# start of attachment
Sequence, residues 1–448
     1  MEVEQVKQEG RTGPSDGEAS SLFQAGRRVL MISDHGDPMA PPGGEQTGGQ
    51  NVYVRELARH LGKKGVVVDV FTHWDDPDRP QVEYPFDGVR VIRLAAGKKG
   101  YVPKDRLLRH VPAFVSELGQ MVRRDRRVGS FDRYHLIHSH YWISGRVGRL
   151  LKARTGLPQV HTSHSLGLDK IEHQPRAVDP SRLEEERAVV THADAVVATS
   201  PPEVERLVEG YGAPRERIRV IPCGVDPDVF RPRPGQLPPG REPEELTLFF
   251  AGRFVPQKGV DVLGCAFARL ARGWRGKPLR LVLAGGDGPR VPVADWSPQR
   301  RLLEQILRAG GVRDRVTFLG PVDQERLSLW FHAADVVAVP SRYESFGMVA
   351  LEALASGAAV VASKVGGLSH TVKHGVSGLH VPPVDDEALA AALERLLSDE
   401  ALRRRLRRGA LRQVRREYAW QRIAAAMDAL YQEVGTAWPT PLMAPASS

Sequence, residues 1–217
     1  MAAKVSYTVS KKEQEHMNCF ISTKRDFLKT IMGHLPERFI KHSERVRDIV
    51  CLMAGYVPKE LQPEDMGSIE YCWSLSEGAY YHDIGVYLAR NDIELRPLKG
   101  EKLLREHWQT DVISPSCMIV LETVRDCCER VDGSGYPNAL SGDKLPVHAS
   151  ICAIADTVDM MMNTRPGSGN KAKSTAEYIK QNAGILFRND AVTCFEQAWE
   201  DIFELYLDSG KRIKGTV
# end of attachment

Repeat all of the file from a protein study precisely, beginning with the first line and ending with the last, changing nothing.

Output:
Sequence, residues 1–448
     1  MEVEQVKQEG RTGPSDGEAS SLFQAGRRVL MISDHGDPMA PPGGEQTGGQ
    51  NVYVRELARH LGKKGVVVDV FTHWDDPDRP QVEYPFDGVR VIRLAAGKKG
   101  YVPKDRLLRH VPAFVSELGQ MVRRDRRVGS FDRYHLIHSH YWISGRVGRL
   151  LKARTGLPQV HTSHSLGLDK IEHQPRAVDP SRLEEERAVV THADAVVATS
   201  PPEVERLVEG YGAPRERIRV IPCGVDPDVF RPRPGQLPPG REPEELTLFF
   251  AGRFVPQKGV DVLGCAFARL ARGWRGKPLR LVLAGGDGPR VPVADWSPQR
   301  RLLEQILRAG GVRDRVTFLG PVDQERLSLW FHAADVVAVP SRYESFGMVA
   351  LEALASGAAV VASKVGGLSH TVKHGVSGLH VPPVDDEALA AALERLLSDE
   401  ALRRRLRRGA LRQVRREYAW QRIAAAMDAL YQEVGTAWPT PLMAPASS

Sequence, residues 1–217
     1  MAAKVSYTVS KKEQEHMNCF ISTKRDFLKT IMGHLPERFI KHSERVRDIV
    51  CLMAGYVPKE LQPEDMGSIE YCWSLSEGAY YHDIGVYLAR NDIELRPLKG
   101  EKLLREHWQT DVISPSCMIV LETVRDCCER VDGSGYPNAL SGDKLPVHAS
   151  ICAIADTVDM MMNTRPGSGN KAKSTAEYIK QNAGILFRND AVTCFEQAWE
   201  DIFELYLDSG KRIKGTV